Shawqi is a Sudanese refugee who reached Indonesia six years ago seeking refugee only to find himself homeless and scavenging for food. He had Dengue fever for a while, too, but survived and found his way to the protection of the CWS-led initiative to care for the most vulnerable of asylum seekers in Jakarta. And, despite all odds, once he had a chance, Shawqi started learning the Indonesian language, and soon put it to good use. Things started to look up for Shawqi when he was chosen to be volunteer interpreter for the CWS, which provided him a small stipend in the form of a transportation allowance. He was also elected to be a Refugee Representative with responsibility to be a liaison between CWS and the refugee community.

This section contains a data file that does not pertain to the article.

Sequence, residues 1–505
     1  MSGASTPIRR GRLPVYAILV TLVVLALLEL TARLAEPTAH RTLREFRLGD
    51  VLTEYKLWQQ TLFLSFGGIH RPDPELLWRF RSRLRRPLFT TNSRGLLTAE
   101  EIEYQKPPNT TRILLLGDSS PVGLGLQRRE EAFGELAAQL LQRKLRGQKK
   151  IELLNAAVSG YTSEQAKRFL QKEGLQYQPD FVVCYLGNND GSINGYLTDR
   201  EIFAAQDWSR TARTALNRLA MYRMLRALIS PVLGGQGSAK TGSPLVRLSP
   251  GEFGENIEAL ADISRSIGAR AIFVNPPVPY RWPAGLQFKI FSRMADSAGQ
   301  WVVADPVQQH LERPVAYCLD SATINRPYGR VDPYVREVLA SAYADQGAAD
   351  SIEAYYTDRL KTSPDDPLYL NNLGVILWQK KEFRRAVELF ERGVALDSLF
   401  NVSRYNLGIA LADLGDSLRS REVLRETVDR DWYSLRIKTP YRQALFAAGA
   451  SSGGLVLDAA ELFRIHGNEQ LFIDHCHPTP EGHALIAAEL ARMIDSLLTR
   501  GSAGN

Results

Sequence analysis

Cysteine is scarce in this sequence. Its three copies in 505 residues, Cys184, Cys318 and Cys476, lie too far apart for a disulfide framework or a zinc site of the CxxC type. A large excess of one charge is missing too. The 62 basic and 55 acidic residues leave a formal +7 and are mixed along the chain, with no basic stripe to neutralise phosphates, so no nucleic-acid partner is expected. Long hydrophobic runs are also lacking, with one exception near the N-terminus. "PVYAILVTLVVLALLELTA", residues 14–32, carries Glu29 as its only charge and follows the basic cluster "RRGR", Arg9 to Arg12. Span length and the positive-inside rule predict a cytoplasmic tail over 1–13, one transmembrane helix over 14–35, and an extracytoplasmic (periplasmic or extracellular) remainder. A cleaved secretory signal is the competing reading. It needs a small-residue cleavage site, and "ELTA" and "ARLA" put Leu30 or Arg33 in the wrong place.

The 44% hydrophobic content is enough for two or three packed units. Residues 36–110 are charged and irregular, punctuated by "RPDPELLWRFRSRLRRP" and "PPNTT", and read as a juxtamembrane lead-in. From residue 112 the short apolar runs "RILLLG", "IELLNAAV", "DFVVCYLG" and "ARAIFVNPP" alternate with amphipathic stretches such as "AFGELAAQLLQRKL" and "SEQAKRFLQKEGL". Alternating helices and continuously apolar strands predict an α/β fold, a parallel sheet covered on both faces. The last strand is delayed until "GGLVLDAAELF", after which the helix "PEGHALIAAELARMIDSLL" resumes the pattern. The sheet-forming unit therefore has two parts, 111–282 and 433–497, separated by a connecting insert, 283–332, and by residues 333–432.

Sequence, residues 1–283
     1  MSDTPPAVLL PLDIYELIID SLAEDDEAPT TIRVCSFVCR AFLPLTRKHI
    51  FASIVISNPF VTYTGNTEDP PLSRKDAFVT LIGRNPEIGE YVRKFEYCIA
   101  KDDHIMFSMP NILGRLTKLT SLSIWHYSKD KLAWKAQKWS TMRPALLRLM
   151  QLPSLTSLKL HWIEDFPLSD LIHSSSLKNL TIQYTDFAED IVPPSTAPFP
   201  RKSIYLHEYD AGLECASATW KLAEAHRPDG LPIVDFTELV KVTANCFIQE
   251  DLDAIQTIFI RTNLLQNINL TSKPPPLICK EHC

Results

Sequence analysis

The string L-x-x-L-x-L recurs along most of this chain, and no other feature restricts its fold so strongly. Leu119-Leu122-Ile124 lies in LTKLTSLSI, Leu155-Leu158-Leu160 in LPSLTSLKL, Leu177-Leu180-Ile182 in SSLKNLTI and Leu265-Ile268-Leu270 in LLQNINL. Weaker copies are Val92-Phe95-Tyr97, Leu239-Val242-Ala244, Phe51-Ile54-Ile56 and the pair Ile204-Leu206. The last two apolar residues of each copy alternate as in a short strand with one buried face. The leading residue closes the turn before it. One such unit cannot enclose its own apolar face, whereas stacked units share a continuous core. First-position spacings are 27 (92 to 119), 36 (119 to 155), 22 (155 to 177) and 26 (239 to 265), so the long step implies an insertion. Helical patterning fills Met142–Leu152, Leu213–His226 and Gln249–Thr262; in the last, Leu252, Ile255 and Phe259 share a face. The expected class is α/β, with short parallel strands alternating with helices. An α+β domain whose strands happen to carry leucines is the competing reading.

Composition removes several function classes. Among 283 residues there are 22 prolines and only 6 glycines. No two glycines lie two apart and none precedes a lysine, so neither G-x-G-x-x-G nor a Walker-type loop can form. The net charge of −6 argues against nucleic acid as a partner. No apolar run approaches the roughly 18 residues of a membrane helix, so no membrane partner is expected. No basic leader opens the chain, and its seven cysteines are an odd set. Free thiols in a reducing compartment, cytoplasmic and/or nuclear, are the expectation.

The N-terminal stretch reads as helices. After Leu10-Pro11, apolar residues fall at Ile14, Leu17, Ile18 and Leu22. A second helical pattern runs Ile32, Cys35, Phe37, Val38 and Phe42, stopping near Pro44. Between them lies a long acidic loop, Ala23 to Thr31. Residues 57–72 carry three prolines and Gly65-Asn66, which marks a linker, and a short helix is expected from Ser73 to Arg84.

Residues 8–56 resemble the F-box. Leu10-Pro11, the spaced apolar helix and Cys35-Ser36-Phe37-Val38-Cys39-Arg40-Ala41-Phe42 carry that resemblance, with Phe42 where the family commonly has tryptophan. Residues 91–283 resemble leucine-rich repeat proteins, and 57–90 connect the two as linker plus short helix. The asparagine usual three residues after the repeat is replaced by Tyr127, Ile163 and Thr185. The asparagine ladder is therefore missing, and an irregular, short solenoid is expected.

One day, while doing his volunteer work, Shawqi met a Sudanese woman, and they fell in love, married and are now the proud parents of two sons. Yet they struggle. “Now that I have children, I have more needs than before. When single, I could go without food, but my family must eat,” says Shawqi, who was motivated to become a volunteer teacher of Indonesian to others in the refugee and asylum seeker community. Since his teaching also allows him a stipend, Shawqi says, “Now I see that I can live in Indonesia longer than hoped, if I must, and at least I can earn some money for my family. My family’s future is all I can think of. And, in my heart I still hope to be resettled to another country, where I can work full-time, one day”.
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